West Virginia has recovered roughly two-thirds of the 93,900 jobs it lost in March and April as the economy was heavily impacted by the COVID-19 pandemic. As previous posts have shown, most of those gains occurred in May and June, with job growth slowing significantly in July and August.
But as the jobs recovery as a whole has slowed down, for some workers, it hasn’t occurred at all. Jobs for West Virginia’s highest wage earners have fully returned, but only half of the jobs lost this spring have returned for those making less than $27,000 per year.
The pandemic’s accompanying recession hit low wage workers — as well as women, young, and Black workers — the hardest, and now our recovery is widening the gap between the rich and the poor.
This disproportionate impact reflects longstanding inequities in education, employment, housing, and health care that the current crisis is exacerbating. Because people of color, particularly women of color, are overrepresented in low-wage jobs, they are more likely to have lost jobs and income due to the pandemic. They are also more likely to have worked in a front-line, essential occupation and risked exposure to COVID-19 and its potentially devastating health consequences, and now are more likely to be waiting for their job to return.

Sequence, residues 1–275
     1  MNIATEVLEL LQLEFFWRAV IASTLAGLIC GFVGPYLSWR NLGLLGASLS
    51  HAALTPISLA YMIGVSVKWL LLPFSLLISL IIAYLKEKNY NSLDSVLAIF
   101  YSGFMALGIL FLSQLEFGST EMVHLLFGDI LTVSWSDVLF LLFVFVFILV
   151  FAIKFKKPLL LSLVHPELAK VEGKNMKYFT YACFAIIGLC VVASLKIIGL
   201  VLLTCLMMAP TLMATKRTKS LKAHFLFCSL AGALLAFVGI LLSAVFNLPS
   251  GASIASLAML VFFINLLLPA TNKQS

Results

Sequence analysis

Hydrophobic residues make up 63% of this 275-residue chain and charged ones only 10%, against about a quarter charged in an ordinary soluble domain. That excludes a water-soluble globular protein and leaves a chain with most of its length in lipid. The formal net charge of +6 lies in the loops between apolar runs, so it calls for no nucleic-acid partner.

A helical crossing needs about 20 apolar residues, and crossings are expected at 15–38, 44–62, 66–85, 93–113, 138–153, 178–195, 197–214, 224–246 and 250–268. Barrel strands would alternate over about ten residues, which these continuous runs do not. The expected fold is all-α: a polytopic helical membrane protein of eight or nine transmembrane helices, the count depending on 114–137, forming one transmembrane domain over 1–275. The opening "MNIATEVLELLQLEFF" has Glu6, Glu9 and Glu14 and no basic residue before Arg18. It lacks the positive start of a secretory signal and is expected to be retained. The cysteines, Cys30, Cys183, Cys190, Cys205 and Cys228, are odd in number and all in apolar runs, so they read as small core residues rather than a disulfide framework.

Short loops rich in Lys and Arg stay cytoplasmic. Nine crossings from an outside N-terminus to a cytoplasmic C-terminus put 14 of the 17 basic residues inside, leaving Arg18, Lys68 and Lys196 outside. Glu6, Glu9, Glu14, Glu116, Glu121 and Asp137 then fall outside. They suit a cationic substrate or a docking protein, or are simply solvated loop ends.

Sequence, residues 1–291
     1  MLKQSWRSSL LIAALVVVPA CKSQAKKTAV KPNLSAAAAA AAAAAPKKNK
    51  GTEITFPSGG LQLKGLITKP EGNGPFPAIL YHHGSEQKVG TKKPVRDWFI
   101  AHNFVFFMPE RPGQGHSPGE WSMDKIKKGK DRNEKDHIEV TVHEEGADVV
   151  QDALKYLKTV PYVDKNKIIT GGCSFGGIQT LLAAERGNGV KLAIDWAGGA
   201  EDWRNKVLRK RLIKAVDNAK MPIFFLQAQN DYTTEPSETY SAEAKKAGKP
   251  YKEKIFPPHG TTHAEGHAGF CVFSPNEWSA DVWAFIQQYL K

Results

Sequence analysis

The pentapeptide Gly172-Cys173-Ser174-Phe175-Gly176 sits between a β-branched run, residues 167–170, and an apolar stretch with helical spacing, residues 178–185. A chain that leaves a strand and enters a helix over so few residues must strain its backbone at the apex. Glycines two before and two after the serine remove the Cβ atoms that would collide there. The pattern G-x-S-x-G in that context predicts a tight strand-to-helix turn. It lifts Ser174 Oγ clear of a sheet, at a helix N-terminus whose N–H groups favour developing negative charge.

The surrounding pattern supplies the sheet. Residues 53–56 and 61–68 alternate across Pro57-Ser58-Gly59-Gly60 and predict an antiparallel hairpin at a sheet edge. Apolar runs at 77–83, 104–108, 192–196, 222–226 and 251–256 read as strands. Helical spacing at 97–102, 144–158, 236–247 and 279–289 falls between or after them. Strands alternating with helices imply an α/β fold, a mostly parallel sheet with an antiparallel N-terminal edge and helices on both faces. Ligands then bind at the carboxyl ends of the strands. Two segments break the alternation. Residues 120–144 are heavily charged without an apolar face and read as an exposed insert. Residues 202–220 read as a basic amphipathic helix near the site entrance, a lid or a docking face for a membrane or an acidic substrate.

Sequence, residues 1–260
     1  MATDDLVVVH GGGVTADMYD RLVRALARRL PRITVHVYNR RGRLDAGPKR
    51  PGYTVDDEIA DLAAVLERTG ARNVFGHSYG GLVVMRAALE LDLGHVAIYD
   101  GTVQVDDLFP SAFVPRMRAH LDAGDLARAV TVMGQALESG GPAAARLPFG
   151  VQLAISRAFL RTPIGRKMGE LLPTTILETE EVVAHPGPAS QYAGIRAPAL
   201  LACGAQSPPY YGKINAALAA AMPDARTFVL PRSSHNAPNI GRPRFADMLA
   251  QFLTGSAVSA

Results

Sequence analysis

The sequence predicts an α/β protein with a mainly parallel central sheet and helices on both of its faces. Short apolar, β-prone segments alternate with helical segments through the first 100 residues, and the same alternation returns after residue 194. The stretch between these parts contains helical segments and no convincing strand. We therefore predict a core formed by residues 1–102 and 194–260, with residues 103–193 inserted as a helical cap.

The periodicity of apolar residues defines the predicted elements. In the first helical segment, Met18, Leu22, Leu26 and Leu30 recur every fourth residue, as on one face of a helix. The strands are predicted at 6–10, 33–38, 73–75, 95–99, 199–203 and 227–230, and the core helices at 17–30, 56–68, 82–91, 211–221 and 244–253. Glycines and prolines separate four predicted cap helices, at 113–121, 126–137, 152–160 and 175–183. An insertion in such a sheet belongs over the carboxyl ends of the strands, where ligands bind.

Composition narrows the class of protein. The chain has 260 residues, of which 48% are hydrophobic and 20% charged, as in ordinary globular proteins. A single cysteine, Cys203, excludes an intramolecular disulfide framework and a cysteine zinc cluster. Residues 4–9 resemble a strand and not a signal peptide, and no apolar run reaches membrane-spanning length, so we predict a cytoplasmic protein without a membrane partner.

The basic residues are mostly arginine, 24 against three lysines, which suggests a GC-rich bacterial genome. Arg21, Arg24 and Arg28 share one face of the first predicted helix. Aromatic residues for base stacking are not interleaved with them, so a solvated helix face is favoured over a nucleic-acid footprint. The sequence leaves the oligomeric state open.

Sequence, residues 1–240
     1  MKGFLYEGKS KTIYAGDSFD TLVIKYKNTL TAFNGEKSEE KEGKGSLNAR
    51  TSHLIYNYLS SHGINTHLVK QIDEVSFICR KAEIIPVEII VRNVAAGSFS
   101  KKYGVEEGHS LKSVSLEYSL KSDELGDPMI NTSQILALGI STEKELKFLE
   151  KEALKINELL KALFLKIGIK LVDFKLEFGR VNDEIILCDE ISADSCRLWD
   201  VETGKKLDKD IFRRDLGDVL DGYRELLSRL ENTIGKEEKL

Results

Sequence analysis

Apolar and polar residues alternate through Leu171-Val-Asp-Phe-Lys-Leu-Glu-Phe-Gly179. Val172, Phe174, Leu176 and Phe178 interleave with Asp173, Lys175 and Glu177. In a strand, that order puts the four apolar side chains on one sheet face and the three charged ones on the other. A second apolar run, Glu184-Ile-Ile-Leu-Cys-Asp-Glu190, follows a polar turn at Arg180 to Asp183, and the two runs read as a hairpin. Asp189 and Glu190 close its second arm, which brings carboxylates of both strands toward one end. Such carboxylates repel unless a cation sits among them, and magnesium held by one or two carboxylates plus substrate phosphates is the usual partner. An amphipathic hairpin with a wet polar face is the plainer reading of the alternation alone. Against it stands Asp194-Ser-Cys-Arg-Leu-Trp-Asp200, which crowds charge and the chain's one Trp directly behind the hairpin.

It is clear that the state’s most vulnerable are being left behind in the state’s recovery. What’s more, most of the CARES Act’s provisions to help the unemployed have expired, leaving our communities without the support they need. And yet, Congress still has not passed another relief bill.
The state’s economic recovery has been meager so far, and has left out those most affected by the downturn. With over 50,000 workers still unemployed in West Virginia, and now receiving greatly reduced unemployment insurance benefits, a weak recovery could easily become another downturn without sufficient federal response.
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